[Collisions] "controlled interruption" - 127/8 versus RFC1918 space

Jeff Schmidt jschmidt at jasadvisors.com
Fri Jan 10 01:51:36 UTC 2014

Hia, Warren:

I just responded to this issue over at DI but in a nutshell we don't want
to "cause" traffic to leave the host/LAN/enterprise.  We don't know what
it will contain, and it might contain sensitive/protected data, which
makes this much more complicating.  Using 127/8 or 1918 space eliminates
that can o' worms and is the more conservative approach in this dimension
we believe.


On 1/9/14 5:20 PM, "Warren Kumari" <warren at kumari.net> wrote:

>On Thu, Jan 9, 2014 at 8:01 PM, Wayne MacLaurin <Wayne at demandmedia.com>
>> Hi folks.. I posted a longer reply on Domainincite but basically, if we
>>are going to accept that returning something other than NXDOMAIN is ok,
>>why don¹t we just make it useful  and avoid the Internet sleuthing for
>>the true meaning of
>> Get ICANN to host a nice informative website and point the IPs there..
>>If its not a human, its not going to work anyway.  If it is a human,
>>then we have ICANN¹s backing as to the how and why and what can be done
>>to fix the problem.
>Yup, that was part of the original proposal (and personally what I
>like the most) -- a web page that says:
>"Whoops, you probably didn't intend to get here -- hare are a bunch of
>resources to explain the issue."
>Same thing can be implemented for a whole heap-o-other protocols, like
>SMTP, Telnet/SSH, etc (I made a list somewhere).
>Apart from providing feedback to the user this also allows *much*
>better monitoring of the issue -- serving a A record gives you no real
>visibility into who is actually affected (just their NS) -- having the
>client connect gives you way more information about who and number.
>The big bugaboo here is what happens with the data -- but presumably
>ICANN could have a reasonable privacy policy...
>> Wayne
>> On Jan 9, 2014, at 4:25 PM, David Conrad <drc at virtualized.org> wrote:
>>> Joe,
>>> On Jan 9, 2014, at 1:20 PM, Joe Abley <jabley at hopcount.ca> wrote:
>>>>> To an engineer, is unusual enough to alert them as well
>>>>>as not send them chasing down non-problems.
>>>> A correct host implementation will not send datagrams to the network
>>>>with a source or destination address within 127/8 [RFC1700] or ::1/128
>>>>[RFC 4291].
>>> Yep.
>>>> However, it's not obvious what implementations do in real life.
>>>>RFC3330 comments that the IPv4 loopback address is "ordinarily
>>>>implemented using only", for example.
>>> I'm told Linux implements loopback as 127/8, but don't have one handy
>>>to test myself.
>>> MacOSX appears to time out going to anything in 127/8 other than
>>> FreeBSD 8.2 and 9.1 says "sendto: can't assign requested address"
>>>> The goal of the work that triggered this thread is to keep traffic
>>>>triggered by the disappearance of NXDOMAIN responses for QNAMEs
>>>>subordinate (or identical) to new gTLDs local, ideally on the same
>>>>host that originated them, to avoid mysterious service failures or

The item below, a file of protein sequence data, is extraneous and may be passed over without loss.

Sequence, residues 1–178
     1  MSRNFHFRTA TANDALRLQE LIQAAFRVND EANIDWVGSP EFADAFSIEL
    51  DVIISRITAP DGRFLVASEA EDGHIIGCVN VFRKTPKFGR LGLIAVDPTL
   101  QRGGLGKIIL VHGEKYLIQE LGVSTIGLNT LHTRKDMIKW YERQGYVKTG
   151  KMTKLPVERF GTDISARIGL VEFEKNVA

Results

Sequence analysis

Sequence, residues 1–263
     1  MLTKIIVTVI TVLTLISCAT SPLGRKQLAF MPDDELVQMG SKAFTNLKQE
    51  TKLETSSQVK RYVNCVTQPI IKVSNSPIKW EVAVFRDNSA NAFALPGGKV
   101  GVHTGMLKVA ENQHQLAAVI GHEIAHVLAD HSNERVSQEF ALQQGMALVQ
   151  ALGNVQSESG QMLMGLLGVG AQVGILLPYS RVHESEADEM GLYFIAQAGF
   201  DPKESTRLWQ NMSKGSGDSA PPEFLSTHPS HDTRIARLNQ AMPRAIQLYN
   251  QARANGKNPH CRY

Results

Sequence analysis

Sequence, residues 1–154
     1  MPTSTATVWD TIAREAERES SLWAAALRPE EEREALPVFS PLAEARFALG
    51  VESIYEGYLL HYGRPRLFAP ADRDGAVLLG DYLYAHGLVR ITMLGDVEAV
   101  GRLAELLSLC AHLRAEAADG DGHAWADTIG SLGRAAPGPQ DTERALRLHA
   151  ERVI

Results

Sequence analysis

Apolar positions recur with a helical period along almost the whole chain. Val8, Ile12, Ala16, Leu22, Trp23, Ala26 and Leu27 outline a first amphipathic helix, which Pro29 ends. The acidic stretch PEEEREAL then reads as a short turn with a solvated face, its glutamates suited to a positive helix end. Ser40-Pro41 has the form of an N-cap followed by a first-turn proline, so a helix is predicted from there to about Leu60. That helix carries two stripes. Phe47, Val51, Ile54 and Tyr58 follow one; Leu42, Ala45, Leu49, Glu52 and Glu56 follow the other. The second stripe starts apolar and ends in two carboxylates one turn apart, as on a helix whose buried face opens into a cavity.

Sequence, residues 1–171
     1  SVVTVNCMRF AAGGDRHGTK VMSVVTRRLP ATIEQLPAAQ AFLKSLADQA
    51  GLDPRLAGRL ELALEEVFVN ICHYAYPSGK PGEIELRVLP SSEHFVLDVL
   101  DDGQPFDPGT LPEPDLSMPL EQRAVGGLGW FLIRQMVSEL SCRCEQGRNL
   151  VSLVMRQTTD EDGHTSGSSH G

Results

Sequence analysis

>>>>information leakage.
>>> Err, not really. The goal is to interrupt service so people will
>>>notice and fix it, along the lines of registrations being dropped.
>>>Keeping traffic local and avoiding information leakage are side
>>>benefits. The choice of was just to maybe provide an
>>>additional bit of information to folks who look at the log files on the
>>>machines that all of a sudden stopped working the way they used to
>>>(assumes the address connections are being attempted to are logged) and
>>>reduce the risk that there is actually a listener for a future
>>>connection attempt at
>>>> So, the specification suggests that for IPv6 there's only one address
>>>>to play with, ::1/128.
>>> Yep.
>>>> What studies exist to confirm that (say) won't attract
>>>>network traffic from a host?
>>> Sorry, don't understand the question -- unsure what 'attract network
>>>traffic' means. Do you mean whether anyone has looked to see if hosts
>>>will accept traffic off the wire at (say)
>>>> What is the expected analogue to for IPv6,
>>> Doesn't explicitly exist (of course). As mentioned, the intent is to
>>>hopefully provide a bit of help to folks who are unaware of the
>>>situation and who are trying to track down the problem. Personally I'd
>>>think for the purposes of this effort, we could squat on ::53 given the
>>>small likelihood that 0::0/122 will be allocated in the foreseeable
>>>future, but I can see that this position might be ... controversial
>>>> and what studies exist for how that traffic might be treated by a
>>>>variety of hosts?
>>> Just to clarify, the assumption is a scenario like:
>>> - Application (probably through a resolver) sends an A query to newly
>>>delegated "mumble.abley".
>>> - Name server for mumble.abley returns
>>> - Application attempts to open a connection to
>>> - Connection attempt fails, logging "connection attempt to
>>>'mumble.abley' ( didn't return NXDOMAIN: launch the
>>> - In the radioactive wasteland that remains, archeologists uncover the
>>>machine and look at the log file, notice and say "Eureka!
>>>That's what happened! Damn you DNS search path!"
>>> Now, with that assumption, what traffic are you talking about?  The
>>>connection attempt by the application to
>>>> [I like the out-of-boxness of the thinking that triggered all of
>>>>this, but I don't see it going anywhere. Quite aside from the
>>>>legal-economic difficulties in rebuilding the new gTLD aircraft in
>>>>flight alluded to earlier,
>>> Err, what legal-economic difficulties?
>>>> I think the ideas here involve unproved assumptions (e.g. wrt
>>>>, are IPv4-centric and are likely to lead to more
>>>>headaches than they solve.]
>>> Could you be explicit in the headaches you see?
>>> Thanks,
>>> -drc
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